Across the world, about 1.2bn people live in extreme poverty, on less than $1 per day, according to a 2018 World Health Organisation report. At least 17mn children suffer from severe acute malnutrition around the world, which is the direct cause of death of 2mn children every year.
The Covid-19 pandemic has once again turned the spotlight on the fundamental problem the humanity faces, especially in the developing world: How to acquire such basic necessities of life as food, cloth and shelter.
Risks, for sure, are now rising for the world’s complex food supply networks as more countries bring down the shutters to limit the spread of the coronavirus disease.
Lockdowns could bring about snarl-ups in processing and transport, leading to price spikes for many fresh goods, even if farms in developed markets can keep working through the outbreak.
But, as a matter of fact, there is no good reason for the Covid-19 pandemic to cause global food shortages, at least of wheat, rice, or other staples.
While the virus isn’t foodborne, plenty of food still continues to be produced, processed, and delivered despite illnesses and lockdowns, and the world’s appetite hasn’t abruptly increased.
There is, however, one bad reason for shortages: hoarding. If some people needlessly buy too much food, or sell too little of their production out of concern that there won’t be enough, others will lose out.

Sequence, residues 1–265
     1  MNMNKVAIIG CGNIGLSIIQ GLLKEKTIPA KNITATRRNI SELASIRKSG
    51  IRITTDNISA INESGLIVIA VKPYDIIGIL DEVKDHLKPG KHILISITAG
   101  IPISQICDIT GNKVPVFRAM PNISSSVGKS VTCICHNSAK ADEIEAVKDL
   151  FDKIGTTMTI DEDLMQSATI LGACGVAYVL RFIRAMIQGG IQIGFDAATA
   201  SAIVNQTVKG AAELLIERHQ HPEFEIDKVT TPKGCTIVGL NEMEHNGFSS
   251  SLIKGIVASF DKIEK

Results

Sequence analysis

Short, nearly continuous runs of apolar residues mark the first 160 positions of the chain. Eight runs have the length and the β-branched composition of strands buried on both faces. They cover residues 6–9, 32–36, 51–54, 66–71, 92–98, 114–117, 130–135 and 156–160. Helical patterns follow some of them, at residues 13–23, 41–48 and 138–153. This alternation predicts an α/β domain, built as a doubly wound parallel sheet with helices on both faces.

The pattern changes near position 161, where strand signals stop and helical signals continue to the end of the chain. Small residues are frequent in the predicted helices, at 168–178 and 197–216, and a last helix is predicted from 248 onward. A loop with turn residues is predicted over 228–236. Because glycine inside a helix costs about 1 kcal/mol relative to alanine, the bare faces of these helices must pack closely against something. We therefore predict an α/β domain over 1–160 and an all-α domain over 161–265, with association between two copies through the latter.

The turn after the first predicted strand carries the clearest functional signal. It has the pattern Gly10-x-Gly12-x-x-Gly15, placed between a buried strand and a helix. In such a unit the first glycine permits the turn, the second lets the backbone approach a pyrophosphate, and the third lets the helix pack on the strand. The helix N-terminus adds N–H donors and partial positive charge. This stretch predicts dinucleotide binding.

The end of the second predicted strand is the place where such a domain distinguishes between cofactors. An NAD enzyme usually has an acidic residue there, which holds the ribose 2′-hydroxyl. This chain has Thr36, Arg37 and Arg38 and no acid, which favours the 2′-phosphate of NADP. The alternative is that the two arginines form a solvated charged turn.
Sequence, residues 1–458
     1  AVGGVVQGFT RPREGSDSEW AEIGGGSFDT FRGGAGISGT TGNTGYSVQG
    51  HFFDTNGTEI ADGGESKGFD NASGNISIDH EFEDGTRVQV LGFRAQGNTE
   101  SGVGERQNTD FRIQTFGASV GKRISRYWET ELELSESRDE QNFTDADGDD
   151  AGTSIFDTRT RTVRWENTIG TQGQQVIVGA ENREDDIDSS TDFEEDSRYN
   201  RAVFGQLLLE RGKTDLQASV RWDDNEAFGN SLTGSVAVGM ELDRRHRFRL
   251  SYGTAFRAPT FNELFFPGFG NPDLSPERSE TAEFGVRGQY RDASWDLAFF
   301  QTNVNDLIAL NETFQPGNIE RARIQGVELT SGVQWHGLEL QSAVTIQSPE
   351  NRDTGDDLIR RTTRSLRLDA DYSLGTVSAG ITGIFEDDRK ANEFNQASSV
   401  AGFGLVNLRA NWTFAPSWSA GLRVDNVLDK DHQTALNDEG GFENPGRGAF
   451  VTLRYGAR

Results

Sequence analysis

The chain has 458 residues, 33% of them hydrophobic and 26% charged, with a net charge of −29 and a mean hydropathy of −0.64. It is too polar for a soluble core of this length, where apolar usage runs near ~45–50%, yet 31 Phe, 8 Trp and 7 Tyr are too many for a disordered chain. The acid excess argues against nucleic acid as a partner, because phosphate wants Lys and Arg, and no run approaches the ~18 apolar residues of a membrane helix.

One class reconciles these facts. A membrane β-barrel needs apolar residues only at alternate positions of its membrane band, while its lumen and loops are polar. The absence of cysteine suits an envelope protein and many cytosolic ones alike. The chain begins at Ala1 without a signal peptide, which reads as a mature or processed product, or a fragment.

On a global scale, stocks of corn, wheat, soybeans and rice are healthier than before previous periods of food inflation. While some prices have been heading higher, increases aren’t across the board.
The US Department of Agriculture expects global wheat production to rise almost 5% this year, while rice is seen as stable.
Yet with infection rates rising across the world, there are worrying signs. Kazakhstan has banned exports of buckwheat and wheat flour to preserve domestic supplies.
Russia, the world’s top wheat shipper, could limit some sales overseas, a threat that has already pushed up prices.
During the 2006-08 spike, such behaviour accounted for 45% of the increase in rice prices, and almost a third for wheat, according to a study published by the World Bank.
While prices are still well below 2008 or 2011, there are glimpses of how quickly the situation could change.
Chinese food prices surged more than a fifth in January from a year earlier as the epidemic took hold.
One thing Covid-19 has made clear is how finely tuned global food supply chains are.
Make no mistake, the great global food divide has been widening even before the virus outbreak.
The world loses about $400bn of food before it even gets delivered to stores, according to the United Nations. An estimated 14% of global food production is wasted every year and around 45% of all child deaths worldwide are from causes related to undernutrition, says the WHO.
Hunger is a biting reality and societies tend to unravel when people are starving.
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